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cardoon gobbo di nizzia
  • Gobbo Di Nizzia Cardoon
  • cardoon gobbo di nizzia
 
  • Gobbo Di Nizzia Cardoon
  • cardoon gobbo di nizzia

Product Quantity Price
Gobbo Di Nizzia Cardoon (25 seeds) (AR103) $2.50
Packaging Type: NA

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Gobbo Di Nizzia Cardoon

         
 
4 Reviews | Write a Review
 
 
A rare cardoon from Italy, its broad white stalks are eaten fried, sauteed, pickled and in soups. Italians eat it raw, dipped in olive oil. The root is also edible, tasty, and can be used like parsnips. The plant is similar in culture and appearance to artichokes. Cardoons have been popular in Europe since ancient Rome. Beautiful ornamental plants.

 
Gobbo Di Nizzia Cardoon
Overall Rating:
         
4.5
 
 
Number of Reviews: 4
Easy to Grow 3.5
EarlyMaturity 2.5

100.0% would recommend this item to a friend.

 
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2 out of 3 people found the following review helpful:

Nickname:
Marlene
Location:
Roanoke, VA
Date:
March 26, 2014
          5.0
 
Grew up on Cardoon
Easy to Grow 2.0
EarlyMaturity 0.0
 

What are the pros? Cooks up easy

What are the cons? nothing

Review:

Being Italian, I grew up on Cardoon. Of course I can't get it now here in VA, and have been looking for it for a long time. When I was a kid, my mom would cut in small 3-4 inch pieces and string it, par boil it until tender, and then dip in egg and bread crumbs and fry it in Olive Oil. It is so delicious. I'd love to be able to grow some again.

Would you recommend this product to a friend? Yes

Was this review helpful? Yes  No

4 out of 9 people found the following review helpful:

Nickname:
Michael
Location:
Watsonville, CA
Date:
January 22, 2014
          4.0
 
Like little artichokes
Easy to Grow 5.0
EarlyMaturity 4.0
 

What are the pros? Tasty chokes

What are the cons? Bitter stalks

Review:

I haven't grown this particular cardoon but I did grow a generic batch of cardoon seeds. The plants are like artichokes but taller. I tried blanching the stalks but found them, though edible, overly bitter. I hope these named kinds are better and per reviews they seem to be. BUT they have lots and lots of flowers, which are like small artichokes. The leaves aren't useful but the choke parts are great for cooking. Steam them, remove the choke, and throw away the rest. Then use the chokes in a good pasta sauce recipe or any other use. Delicious. By the way they did NOT seed themselves all over and I live in the area in the U.S. where 99% of the artichokes come from so you can't find a friendlier climate at least in the U.S.

Would you recommend this product to a friend? Yes

Was this review helpful? Yes  No

6 out of 6 people found the following review helpful:

Nickname:
CitySlicker
Location:
San Diego, CA
Date:
December 24, 2013
          5.0
 
Huge and Gorgeous
Easy to Grow 5.0
EarlyMaturity 2.0
 

What are the pros? Unusual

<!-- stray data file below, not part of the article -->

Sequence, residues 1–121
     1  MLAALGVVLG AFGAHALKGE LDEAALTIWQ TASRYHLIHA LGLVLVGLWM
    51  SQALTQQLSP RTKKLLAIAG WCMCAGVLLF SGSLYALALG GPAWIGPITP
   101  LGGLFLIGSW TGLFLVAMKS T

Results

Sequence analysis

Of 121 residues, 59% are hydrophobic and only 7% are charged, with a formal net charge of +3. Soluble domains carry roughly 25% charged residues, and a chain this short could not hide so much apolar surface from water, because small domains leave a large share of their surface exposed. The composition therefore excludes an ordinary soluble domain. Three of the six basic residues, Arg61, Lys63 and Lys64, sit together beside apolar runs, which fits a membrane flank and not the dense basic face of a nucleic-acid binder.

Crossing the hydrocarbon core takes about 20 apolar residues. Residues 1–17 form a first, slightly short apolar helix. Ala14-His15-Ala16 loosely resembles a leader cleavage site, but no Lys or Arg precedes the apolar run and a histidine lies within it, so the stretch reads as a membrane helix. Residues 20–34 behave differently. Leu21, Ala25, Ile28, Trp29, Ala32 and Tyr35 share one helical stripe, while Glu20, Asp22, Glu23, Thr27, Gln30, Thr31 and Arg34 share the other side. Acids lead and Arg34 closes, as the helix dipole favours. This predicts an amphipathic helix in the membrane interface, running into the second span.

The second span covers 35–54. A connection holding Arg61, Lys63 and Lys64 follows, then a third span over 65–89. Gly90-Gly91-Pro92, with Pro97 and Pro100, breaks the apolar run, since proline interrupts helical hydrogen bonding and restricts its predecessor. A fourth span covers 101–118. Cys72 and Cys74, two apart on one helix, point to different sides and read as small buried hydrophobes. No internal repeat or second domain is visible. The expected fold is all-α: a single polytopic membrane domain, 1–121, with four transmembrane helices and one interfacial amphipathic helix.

What are the cons? no dislikes

Review:

I planted cardoon because a) I had never seen a mature plant, b) I had/have some places in the garden that needed plants, and c) I wanted to add it to my edible landscape but had no plans to eat it. Cardoon is very similar to artichoke when growing from seed. The seeds were sown in 14" x 14", 6" deep trays. Germination was 100%. I planted them out in the garden in early Spring 2013. With mostly neglect all of the plants have performed amazingly! The plants are 5' across and 4' tall! Leaves are a gorgeous silver-green and the massive leaves hang gracefully to the ground. The blossoms are purple and look like miniature artichokes--so cute and a great cut flower. After watching them perform so well in less tended areas of the garden, I moved some to the front garden and they transplanted so well that I moved more to edge my potato patch.

Would you recommend this product to a friend? Yes

Was this review helpful? Yes  No

20 out of 20 people found the following review helpful:

Nickname:
Finch
Date:
September 7, 2012
          4.0
 
Worth fiddling with
Easy to Grow 2.5
EarlyMaturity 3.0
 

What are the pros?

What are the cons?

Review:

I grew cardoons as an experiment. They are a good deal of work, as you'll need to wrap the whole plant (except for the top leaves) for a couple of weeks to blanch the ribs, then strip the leaves and use a vegetable peeler to get rid of the thorny edge and the tough, thready strings along the backs of the ribs. Then you'll want to blanch the stalks to remove the bitterness before you put them to their final use. On the plus side, they have a delicate, appealing taste - somewhere between artichoke and celery, but milder than either - and a pleasant, juicy texture. As an added bonus, it looks like I'll get at least two crops from mine. I cut them to the ground in early August (I'm in a warm-weather zone) and they sprouted fresh leaves that are well on their way to a new rounds of cardoons.

Would you recommend this product to a friend? Yes

Was this review helpful? Yes  No
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